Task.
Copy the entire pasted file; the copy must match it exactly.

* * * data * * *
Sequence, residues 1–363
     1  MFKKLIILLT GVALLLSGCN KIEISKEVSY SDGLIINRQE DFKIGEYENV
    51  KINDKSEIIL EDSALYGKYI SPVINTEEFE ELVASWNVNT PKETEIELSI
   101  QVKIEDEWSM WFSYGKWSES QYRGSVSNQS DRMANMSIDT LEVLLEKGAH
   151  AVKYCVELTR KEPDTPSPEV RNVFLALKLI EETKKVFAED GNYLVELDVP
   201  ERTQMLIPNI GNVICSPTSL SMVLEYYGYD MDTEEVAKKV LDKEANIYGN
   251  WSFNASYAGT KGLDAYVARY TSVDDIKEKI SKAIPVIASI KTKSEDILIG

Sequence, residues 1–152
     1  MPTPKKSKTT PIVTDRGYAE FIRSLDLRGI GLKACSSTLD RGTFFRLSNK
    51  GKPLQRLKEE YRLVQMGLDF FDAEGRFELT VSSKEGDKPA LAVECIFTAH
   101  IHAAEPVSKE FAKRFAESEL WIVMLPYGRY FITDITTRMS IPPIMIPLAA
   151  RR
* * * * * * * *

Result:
Sequence, residues 1–363
     1  MFKKLIILLT GVALLLSGCN KIEISKEVSY SDGLIINRQE DFKIGEYENV
    51  KINDKSEIIL EDSALYGKYI SPVINTEEFE ELVASWNVNT PKETEIELSI
   101  QVKIEDEWSM WFSYGKWSES QYRGSVSNQS DRMANMSIDT LEVLLEKGAH
   151  AVKYCVELTR KEPDTPSPEV RNVFLALKLI EETKKVFAED GNYLVELDVP
   201  ERTQMLIPNI GNVICSPTSL SMVLEYYGYD MDTEEVAKKV LDKEANIYGN
   251  WSFNASYAGT KGLDAYVARY TSVDDIKEKI SKAIPVIASI KTKSEDILIG

Sequence, residues 1–152
     1  MPTPKKSKTT PIVTDRGYAE FIRSLDLRGI GLKACSSTLD RGTFFRLSNK
    51  GKPLQRLKEE YRLVQMGLDF FDAEGRFELT VSSKEGDKPA LAVECIFTAH
   101  IHAAEPVSKE FAKRFAESEL WIVMLPYGRY FITDITTRMS IPPIMIPLAA
   151  RR